Plane Spotting

Plane Spotting at Pearson Airport 101

"Plane spotting" is an odd hobby, and most certainly isn't for everyone. But those that do it are really into it and seem to enjoy themselves immensely. I learned this first hand the other day when on a whim I decided to take a curiosity-induced drive around the perimeter of Toronto's Pearson International Airport and see what I could learn about the phenomenon that is plane spotting.

After making my way around more than half of the airport, I pulled up to the Wendy's at Airport Rd. & Orlando Dr. because I noticed a queue of twinkling lights in the distance - an indication that the nearby runway was being used for landings (it wasn't until later that I learned that this particular runway is Pearson's longest at 3.3km). I snagged my camera bag, and took a walk around. It didn't take long to have my first encounter with a plane-spotter...

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The first fellow I met was wearing a jacket with the words "Airport Watch" written boldly across the back. "Are you watching the planes?" I asked. "Yup," he responded courtly, as he tuned his walkie-talkie-like device and looked up into the sky before turning to walk away. Clearly he wasn't in the mood to talk to me, a newcomer to the scene. I made my way directly under the landing path, and snapped a few photos.

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Across the street, on the chain link fence that separated public from private property, a sign reminded me to stay on my side of the fence. It made me think about security, and for a moment I considered packing up and going home rather than facing the potential consequences of meeting airport security staff who might think I'm a terrorist plotting some sort of evil scheme. That's when I met Stephan, a younger guy from Nova Scotia who (unlike the first plane-spotter I spotted) was smiling and approachable.

Plane Spotting

From his ears, he pulled out his headphone buds. At first I thought he was listening to music, but from his pocket, he pulled out his radio. "What are you listening to?" I asked. "The air traffic control tower, and the planes on approach, which are on different frequencies," he explained. "This is a cheaper one. You can pick one up at Radio Shack."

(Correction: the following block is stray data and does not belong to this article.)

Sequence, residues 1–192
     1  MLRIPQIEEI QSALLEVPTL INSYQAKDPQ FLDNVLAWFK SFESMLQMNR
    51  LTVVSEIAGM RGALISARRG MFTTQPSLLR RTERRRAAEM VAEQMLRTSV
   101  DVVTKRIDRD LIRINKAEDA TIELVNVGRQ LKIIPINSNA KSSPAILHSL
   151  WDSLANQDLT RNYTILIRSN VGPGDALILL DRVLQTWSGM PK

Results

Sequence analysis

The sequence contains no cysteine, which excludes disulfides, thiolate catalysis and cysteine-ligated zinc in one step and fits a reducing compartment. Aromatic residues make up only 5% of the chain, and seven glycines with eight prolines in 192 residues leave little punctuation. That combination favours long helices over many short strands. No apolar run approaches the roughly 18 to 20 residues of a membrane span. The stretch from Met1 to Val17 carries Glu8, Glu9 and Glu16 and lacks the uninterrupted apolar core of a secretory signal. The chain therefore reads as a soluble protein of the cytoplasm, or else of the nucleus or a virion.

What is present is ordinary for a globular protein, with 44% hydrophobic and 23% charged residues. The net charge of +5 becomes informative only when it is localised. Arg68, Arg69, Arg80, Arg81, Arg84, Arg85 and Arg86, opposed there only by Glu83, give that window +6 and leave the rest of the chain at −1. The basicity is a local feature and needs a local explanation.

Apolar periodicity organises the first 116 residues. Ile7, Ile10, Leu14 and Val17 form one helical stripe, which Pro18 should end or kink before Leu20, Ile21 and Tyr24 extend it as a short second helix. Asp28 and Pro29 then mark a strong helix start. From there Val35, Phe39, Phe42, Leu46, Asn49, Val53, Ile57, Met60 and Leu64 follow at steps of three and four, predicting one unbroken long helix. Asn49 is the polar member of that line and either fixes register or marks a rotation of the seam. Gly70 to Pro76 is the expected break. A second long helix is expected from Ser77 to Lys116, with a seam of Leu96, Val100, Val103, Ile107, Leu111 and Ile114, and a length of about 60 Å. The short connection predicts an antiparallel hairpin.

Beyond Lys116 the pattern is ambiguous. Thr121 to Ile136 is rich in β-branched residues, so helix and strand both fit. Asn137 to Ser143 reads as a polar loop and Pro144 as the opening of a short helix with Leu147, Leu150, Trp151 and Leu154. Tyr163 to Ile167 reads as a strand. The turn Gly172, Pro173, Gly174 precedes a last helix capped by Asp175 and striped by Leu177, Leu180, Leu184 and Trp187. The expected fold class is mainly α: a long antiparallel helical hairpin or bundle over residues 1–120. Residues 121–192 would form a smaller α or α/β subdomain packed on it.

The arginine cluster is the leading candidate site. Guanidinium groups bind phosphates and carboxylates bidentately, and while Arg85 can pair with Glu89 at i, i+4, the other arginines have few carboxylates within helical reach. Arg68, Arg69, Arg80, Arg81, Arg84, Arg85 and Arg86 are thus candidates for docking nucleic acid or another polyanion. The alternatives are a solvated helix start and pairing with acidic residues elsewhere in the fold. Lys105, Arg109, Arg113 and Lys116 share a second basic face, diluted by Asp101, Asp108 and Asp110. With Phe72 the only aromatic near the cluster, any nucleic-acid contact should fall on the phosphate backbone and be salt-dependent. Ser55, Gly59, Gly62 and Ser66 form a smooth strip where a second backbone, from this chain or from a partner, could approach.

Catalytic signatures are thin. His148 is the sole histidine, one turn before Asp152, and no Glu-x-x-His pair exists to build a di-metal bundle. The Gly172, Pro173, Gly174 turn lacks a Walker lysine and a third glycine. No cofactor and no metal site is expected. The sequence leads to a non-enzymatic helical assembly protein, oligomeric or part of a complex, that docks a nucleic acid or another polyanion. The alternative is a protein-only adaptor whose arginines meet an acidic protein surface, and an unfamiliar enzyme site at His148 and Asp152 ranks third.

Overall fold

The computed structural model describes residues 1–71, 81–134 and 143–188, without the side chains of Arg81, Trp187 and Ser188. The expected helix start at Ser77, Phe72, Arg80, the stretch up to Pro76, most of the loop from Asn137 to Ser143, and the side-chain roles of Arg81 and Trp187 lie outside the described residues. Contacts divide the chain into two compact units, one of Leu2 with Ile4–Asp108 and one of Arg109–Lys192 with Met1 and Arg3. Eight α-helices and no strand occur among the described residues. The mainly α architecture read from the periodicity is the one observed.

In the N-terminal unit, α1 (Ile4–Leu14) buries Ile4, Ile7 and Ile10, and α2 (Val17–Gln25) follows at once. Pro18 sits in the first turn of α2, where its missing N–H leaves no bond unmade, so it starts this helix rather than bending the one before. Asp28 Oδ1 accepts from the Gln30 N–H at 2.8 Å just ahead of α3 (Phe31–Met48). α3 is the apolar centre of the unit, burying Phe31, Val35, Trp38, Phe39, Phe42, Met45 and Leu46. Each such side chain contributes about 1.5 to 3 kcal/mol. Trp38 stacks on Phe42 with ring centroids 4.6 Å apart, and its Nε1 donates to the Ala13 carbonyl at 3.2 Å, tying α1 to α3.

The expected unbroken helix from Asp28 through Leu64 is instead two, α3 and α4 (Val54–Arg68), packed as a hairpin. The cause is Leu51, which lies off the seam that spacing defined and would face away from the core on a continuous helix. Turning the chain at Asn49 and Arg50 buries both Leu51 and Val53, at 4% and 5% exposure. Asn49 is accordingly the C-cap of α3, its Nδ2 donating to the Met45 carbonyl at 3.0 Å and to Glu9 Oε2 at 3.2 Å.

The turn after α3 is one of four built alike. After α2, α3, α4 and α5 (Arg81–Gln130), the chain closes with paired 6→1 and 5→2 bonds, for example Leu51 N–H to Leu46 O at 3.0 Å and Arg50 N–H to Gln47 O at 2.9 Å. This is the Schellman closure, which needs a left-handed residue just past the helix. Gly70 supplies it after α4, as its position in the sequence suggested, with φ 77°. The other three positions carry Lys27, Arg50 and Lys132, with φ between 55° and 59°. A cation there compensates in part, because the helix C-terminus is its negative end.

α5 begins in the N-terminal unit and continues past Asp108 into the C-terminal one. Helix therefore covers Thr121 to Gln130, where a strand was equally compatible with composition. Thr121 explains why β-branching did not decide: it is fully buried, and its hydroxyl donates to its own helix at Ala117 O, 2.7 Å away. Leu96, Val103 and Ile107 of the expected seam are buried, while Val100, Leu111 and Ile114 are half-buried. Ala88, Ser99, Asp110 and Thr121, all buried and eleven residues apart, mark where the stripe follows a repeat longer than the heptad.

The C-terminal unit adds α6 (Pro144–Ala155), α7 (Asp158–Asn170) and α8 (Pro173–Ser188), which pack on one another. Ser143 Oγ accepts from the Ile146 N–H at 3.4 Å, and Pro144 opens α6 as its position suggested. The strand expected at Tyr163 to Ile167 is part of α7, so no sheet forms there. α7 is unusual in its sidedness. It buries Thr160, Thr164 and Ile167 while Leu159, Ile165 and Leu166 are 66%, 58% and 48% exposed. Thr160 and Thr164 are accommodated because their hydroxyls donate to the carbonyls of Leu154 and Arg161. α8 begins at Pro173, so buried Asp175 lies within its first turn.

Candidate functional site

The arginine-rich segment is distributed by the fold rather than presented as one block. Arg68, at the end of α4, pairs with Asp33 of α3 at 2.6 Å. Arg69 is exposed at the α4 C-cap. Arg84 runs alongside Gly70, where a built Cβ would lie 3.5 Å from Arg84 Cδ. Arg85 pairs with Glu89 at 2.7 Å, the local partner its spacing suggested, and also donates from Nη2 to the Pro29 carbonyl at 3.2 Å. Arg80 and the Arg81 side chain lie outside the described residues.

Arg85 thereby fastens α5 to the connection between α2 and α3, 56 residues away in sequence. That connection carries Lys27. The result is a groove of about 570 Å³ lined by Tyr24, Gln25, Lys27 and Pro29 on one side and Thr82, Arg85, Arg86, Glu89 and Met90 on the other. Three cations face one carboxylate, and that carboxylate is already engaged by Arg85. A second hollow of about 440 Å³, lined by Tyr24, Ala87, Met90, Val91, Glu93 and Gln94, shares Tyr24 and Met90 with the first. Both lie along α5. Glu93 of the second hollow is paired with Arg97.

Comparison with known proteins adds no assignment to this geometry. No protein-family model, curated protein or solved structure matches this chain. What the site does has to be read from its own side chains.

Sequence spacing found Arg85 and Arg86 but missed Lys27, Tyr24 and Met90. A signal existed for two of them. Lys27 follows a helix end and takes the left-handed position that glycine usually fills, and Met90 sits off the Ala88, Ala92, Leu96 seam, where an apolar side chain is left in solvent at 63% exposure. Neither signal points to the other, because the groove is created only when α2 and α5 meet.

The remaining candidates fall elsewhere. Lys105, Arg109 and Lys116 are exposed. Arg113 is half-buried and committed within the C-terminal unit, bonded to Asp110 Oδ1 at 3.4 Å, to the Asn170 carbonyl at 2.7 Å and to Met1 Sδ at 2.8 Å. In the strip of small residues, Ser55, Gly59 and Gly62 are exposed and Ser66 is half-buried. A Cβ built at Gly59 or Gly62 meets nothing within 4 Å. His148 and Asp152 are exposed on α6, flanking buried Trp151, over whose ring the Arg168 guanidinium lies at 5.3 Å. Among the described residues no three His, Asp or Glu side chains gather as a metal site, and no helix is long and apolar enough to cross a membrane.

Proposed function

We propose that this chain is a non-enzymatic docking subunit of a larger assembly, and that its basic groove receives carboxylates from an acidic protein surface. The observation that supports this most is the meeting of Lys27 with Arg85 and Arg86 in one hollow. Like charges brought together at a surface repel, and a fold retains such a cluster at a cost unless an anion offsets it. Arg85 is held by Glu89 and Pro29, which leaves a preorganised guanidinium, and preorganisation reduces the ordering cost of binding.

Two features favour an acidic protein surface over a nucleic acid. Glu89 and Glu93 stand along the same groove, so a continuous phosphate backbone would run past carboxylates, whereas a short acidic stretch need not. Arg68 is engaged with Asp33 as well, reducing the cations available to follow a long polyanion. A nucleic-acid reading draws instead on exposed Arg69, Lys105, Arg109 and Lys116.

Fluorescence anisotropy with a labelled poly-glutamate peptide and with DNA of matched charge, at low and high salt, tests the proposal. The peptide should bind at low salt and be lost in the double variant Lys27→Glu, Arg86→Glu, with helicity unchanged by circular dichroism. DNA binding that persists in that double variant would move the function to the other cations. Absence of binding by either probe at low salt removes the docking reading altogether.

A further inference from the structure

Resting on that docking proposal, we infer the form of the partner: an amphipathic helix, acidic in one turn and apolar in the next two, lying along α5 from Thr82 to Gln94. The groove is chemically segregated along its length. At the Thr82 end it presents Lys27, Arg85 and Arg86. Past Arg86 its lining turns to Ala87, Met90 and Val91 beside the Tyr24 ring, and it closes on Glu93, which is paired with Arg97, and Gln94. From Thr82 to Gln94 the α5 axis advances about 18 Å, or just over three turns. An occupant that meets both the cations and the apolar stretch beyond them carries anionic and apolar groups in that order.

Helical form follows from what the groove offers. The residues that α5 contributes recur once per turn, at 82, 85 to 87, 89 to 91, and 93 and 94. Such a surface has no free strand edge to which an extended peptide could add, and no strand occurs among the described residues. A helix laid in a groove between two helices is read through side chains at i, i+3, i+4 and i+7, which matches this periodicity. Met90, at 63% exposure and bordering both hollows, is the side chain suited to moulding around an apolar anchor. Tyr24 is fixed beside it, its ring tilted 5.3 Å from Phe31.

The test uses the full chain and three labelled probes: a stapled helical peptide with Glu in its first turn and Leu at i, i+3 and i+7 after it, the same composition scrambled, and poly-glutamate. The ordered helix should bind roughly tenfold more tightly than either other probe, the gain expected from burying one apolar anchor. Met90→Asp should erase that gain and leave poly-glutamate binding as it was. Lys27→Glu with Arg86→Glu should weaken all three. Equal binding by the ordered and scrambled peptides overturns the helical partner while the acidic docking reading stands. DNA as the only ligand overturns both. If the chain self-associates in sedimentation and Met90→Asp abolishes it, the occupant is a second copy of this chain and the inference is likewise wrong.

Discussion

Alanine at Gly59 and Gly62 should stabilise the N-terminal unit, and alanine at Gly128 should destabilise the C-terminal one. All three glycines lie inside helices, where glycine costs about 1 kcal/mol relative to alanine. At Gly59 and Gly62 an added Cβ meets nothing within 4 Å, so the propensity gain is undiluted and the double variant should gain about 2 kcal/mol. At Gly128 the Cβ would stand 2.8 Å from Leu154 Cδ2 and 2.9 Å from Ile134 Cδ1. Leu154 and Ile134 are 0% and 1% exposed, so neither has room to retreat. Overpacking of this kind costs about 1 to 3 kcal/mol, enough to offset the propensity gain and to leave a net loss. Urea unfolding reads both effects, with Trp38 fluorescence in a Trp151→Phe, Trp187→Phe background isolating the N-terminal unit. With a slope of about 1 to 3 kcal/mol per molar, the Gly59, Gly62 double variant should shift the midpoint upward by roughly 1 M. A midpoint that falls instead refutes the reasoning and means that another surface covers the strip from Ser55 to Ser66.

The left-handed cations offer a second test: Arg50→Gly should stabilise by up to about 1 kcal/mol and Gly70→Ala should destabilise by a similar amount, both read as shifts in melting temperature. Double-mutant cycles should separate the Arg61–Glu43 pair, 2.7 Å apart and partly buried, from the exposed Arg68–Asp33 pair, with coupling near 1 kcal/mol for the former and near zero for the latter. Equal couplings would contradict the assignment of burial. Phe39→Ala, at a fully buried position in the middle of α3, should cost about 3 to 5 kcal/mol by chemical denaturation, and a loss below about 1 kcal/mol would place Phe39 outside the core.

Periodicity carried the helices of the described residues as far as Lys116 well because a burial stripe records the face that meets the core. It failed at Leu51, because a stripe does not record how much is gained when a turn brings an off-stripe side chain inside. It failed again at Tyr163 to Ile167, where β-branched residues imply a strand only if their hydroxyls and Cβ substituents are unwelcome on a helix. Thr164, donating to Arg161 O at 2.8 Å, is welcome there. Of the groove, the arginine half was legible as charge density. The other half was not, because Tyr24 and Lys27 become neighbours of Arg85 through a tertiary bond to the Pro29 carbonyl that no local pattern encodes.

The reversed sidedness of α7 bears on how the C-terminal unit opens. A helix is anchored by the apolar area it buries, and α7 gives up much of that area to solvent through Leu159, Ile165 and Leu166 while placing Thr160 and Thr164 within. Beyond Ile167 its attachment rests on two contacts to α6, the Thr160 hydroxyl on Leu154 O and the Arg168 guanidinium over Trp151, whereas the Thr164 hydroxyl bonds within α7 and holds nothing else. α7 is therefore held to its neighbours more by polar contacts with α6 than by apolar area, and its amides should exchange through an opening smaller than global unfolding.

Plane Spotting

From his other pocket he then pulled out a piece of paper. As he unfolded it, he watched the horizon ahead of us. "A few big ones are coming soon. If you stick around between 3pm and 4pm you'll likely to see this British Airways 747." His info was from the internet, and detailed. The airlines, the type of planes, and their projected arrival times were all listed, along with a list of radio frequencies he could tap into to listen to the communications between the pilots and controllers.

Plane Spotting

A few mid-sized Airbuses came in. It's rather amazing how low the planes are at this point.

Stephan was pretty sure that gigantic 747 would be arriving soon, and advised that I join him in moving off to the side to get a better view. "It's too big for the camera to stay here," he suggested.

He also told me a little about plane-spotter photography, and pointed me to a super cool web site for submitting and viewing the best of the best. "You've got zoom," he said, nodding to my camera. "Try to capture the exact moment the tires hit the ground and the smoke shoots out."

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Then came the moment we'd been waiting for - the arrival of the massive British Airways 747. As it approached I marvelled at just how HUGE it was. I backed up a little further. I wanted to include my new friend Stephan (who'd come all the way from the downtown core by public transit to see this and taken me under his wing for the experience) in the frame.

Here's the moment in all its glory:

Plane Spotting

Despite shooting in rapid succession at a wide angle, I couldn't even fit the plane in the frame!

So there you have it... plane spotting at Pearson 101. It's not likely that I'll take up this rather geeky, somewhat strange hobby. But admittedly, it was a lot of fun. Had I been alone, and not had the pleasure of meeting my teacher Stephan, I don't think I'd have enjoyed myself nearly as much. Oh, and to see another (much larger format) view of a massive plane we managed to catch please check out this snap. Crazy eh?


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